The student asked me about my education, job, and personal relationships. Then she looked me dead in the eyes and said: “Wow, with your Kate Spade bag and getting accepted into graduate school, you should be so happy.”


I looked at her, stunned by both her ignorance and bluntness, and replied: “Yeah, I should be.”


My psychiatrist quickly tried to descale the tense situation: “Well, that is why she is here today.”


The problem with the student’s comment has to do with one word: should. I believe she meant to say something along the lines of you have wonderful things in your life, and I can see how depression must be impacting your mental health. Instead, the comment sent a different message. By saying I ‘should’ be happy, it implies that the reason I am unhappy has to do with me and not something out of my control. The comment suggested that I am ungrateful for the wonderful things in my life because I ‘should’ be happy, but I wasn’t.


I was not hurt by the comment, but I was surprised. I was surprised because even in the mental healthcare field, there is still a skewed perception of mental disorders. Even someone studying to prescribe medication FOR mental disorders is lacking basic knowledge about mental health. This is a bright red fluorescent sign that mental health education is severely lacking. How we are taught to talk about mental health as a society is flawed, and change needs to occur.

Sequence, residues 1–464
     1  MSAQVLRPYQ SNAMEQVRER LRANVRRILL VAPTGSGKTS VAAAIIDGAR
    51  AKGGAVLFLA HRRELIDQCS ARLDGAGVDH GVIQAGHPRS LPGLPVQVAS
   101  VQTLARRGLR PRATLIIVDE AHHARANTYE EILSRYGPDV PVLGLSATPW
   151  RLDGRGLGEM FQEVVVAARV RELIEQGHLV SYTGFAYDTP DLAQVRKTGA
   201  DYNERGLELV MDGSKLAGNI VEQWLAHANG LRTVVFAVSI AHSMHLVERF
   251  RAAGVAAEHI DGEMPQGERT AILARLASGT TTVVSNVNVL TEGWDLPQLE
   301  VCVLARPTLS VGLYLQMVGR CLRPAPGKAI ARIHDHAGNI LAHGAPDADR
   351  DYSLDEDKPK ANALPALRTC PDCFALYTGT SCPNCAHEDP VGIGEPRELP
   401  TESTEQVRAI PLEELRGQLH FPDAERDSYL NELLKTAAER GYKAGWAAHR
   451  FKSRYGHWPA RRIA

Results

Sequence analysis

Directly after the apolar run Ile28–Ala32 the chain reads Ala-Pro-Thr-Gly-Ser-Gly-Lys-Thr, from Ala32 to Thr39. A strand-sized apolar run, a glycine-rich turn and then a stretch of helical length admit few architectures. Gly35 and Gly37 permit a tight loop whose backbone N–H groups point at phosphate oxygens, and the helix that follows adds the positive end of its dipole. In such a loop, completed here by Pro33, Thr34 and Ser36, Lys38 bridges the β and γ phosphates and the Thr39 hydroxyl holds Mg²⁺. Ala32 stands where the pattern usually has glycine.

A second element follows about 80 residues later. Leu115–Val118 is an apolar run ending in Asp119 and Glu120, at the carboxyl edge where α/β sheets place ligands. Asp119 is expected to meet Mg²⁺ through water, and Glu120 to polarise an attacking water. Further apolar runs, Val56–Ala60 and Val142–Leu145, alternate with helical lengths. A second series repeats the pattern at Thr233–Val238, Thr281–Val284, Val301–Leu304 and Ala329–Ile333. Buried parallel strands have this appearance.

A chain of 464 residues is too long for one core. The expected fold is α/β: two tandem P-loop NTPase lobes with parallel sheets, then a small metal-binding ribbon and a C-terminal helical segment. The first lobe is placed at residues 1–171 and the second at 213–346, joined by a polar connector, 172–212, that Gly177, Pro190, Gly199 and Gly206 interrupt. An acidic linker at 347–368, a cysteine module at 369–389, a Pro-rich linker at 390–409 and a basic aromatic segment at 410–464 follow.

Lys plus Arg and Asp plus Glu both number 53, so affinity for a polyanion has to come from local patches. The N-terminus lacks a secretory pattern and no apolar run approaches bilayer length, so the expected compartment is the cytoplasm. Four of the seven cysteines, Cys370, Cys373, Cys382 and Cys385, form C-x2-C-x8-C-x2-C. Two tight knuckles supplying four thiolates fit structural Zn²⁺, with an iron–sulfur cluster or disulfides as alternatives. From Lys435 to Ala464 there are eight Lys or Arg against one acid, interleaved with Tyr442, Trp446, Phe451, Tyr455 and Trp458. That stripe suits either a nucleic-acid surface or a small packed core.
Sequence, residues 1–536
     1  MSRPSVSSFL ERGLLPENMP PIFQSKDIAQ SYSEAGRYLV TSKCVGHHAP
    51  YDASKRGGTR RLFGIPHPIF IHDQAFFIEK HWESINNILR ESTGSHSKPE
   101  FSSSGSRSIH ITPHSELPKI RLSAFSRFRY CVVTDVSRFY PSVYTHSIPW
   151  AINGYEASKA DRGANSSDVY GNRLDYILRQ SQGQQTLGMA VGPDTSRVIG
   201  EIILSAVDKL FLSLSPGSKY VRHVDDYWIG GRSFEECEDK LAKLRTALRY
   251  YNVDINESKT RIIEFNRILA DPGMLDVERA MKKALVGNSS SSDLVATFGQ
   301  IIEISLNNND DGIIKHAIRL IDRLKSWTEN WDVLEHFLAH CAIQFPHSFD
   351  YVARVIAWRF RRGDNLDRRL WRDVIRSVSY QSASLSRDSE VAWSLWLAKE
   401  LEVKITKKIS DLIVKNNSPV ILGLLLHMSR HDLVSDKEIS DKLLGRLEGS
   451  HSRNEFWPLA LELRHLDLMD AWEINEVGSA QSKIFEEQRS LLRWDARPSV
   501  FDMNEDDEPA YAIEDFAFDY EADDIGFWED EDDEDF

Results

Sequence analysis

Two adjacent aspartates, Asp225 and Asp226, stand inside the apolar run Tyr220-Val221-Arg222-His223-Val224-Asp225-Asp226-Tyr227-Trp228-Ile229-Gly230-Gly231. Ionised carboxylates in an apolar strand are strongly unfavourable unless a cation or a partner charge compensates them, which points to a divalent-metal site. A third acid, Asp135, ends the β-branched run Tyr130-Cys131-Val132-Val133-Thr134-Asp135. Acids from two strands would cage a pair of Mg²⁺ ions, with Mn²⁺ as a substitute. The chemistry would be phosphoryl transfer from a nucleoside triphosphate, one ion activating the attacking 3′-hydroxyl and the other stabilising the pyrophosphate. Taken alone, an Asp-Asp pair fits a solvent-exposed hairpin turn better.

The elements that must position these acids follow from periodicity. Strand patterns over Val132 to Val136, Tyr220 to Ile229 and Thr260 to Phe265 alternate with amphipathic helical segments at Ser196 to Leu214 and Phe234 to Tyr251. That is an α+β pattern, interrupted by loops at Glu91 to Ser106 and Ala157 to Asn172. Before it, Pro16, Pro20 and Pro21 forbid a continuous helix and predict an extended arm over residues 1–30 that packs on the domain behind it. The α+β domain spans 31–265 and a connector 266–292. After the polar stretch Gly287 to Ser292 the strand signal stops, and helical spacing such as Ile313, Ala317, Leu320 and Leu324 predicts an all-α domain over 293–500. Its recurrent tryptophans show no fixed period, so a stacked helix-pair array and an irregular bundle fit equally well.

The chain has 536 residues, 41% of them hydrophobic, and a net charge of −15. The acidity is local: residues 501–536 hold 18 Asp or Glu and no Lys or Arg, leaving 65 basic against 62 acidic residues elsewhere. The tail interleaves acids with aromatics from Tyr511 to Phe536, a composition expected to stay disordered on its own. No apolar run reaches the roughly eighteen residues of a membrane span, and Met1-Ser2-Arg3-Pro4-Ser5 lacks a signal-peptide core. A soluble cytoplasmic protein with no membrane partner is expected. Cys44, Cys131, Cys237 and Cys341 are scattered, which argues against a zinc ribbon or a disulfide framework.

This was a very minor experience for me. I was not hurt or set-off, and I quickly forget about the comment after I left. Yet, I still remember that comment like it was yesterday. it stuck in my mind so clearly that I am able to write about it today.


I want to reflect on this moment not only because it is a sign of how mental healthcare needs to change, but also because I know I will be told something along the lines of this again. Next time, I want to be prepared. If I were in that situation again, this is what I would say: “Just because I am in extreme pain and suffering does not mean that I am simply unhappy with my life. I want to be able to love and appreciate what I have, but I can’t. This does not mean that I am ungrateful or an unhappy person in general. This means that I have a severe mental illness and I am struggling right now. Which is exactly why I am in this office today. So no, I shouldn’t be happy. I SHOULD be exactly as I am right now, regardless of how it makes you feel.”